Why death?

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“Why do we wait til a disaster occurs before we say those heartfelt words to our loved ones? Why can’t we tell them all along not just that we love them but why we love them? And why can’t we all just appreciate we are alive and how lucky we are?”

I read these lines a few months ago in a blog written by Louise Page, a Scottish woman in her 40s who was diagnosed with terminal bone cancer last Christmas. Page had been fighting a rare form of the disease in her left leg since 2004, and after it spread to her lungs, was told by doctors she had a short time to live. On the advice of her husband, she began a blog, “Lou’s Story,” about her experience.

Sadly, she died on May 19.

Reading Page’s blog got me thinking about mortality and my own fear of it. I wondered how people who are surrounded by death every day — either because of their own health situation or career —  make peace with it, like Page did (she not only made peace, she often approached her impending death with humour in her blog posts). This is what inspired my series “Living With Death,” which concludes in today’s Telegram.

If you’ve followed the series over the past four days, you will have read the stories of Laurie Anne O’Brien, a longtime palliative care nurse who has seldom forgotten a patient or family over the past 30 years; Anglican Cathedral curate Father Jonathan Rowe (a junior high and high school friend of mine) and Rick Singleton, regional director of pastoral care and ethics for Eastern Health, both of whom find themselves counselling the dying and the grief-stricken; Geoff Carnell and Amanda Laite-Rogers of Carnell’s and Fillatre’s funeral homes, respectively, who have provided services to thousands of families; and, in today’s paper, Dan Norman, a Gambo man who died and was resuscitated.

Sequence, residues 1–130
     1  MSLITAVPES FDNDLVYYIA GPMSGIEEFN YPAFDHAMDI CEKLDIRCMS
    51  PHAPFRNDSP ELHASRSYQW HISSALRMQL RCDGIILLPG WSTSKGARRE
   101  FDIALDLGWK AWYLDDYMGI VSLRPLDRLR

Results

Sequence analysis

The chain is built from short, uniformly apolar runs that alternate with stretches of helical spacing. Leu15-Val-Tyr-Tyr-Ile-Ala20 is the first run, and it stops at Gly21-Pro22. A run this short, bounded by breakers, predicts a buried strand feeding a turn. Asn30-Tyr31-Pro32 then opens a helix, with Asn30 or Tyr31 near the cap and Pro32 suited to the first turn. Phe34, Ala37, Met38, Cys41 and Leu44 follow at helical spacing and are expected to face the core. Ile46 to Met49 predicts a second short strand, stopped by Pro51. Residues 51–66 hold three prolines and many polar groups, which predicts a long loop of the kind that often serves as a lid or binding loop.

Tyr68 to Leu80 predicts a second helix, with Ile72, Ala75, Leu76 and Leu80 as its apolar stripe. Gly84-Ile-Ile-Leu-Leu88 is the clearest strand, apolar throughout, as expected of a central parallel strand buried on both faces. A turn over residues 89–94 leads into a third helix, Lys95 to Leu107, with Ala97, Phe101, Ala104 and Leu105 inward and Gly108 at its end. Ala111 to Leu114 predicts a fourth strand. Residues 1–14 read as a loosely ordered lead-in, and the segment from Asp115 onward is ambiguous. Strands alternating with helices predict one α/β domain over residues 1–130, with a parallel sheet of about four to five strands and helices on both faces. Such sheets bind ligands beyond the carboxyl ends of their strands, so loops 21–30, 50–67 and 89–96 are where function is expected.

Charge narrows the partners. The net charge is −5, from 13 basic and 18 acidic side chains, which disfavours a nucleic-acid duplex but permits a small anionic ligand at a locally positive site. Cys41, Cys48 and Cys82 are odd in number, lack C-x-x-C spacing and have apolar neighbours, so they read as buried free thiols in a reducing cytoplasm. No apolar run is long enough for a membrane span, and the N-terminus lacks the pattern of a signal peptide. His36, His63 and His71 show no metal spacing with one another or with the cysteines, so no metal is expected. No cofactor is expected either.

I tried  hard, over the course of the past three months, to find a person dealing with their own terminal illness who would be willing to do a gentle interview with me for this project. I did speak to a number of them and two people agreed but then declined at the last minute, preferring not to talk about it after all. I understood.

No one escapes death, but it’s not something that’s generally talked about or explored unless we’re grieving. I wanted to write a series of articles that looked at the peaceful side of death, not the morbid side, and the subjects in the stories taught me that a hopeful, celebratory aspect does exist.

None of them particularly fear death (especially Dan, who, having died and come back to life, says it was a wonderful experience and jokes how he can’t wait to go again), but look at it as the simple fact of life it is.

I filmed each of the interviews for the series and produced four videos to go with the written stories, and you can find them online here:

http://bit.ly/16VD8Zo (or here, if you’re reading on a mobile device: http://bit.ly/15YzaJi).

If you’d like to read Page’s blog for yourself, it has been continued by her husband, and can be found at alancainsley.wordpress.com.


— reporter Tara Bradbury

Organizations: Anglican Cathedral

Geographic location: Gambo

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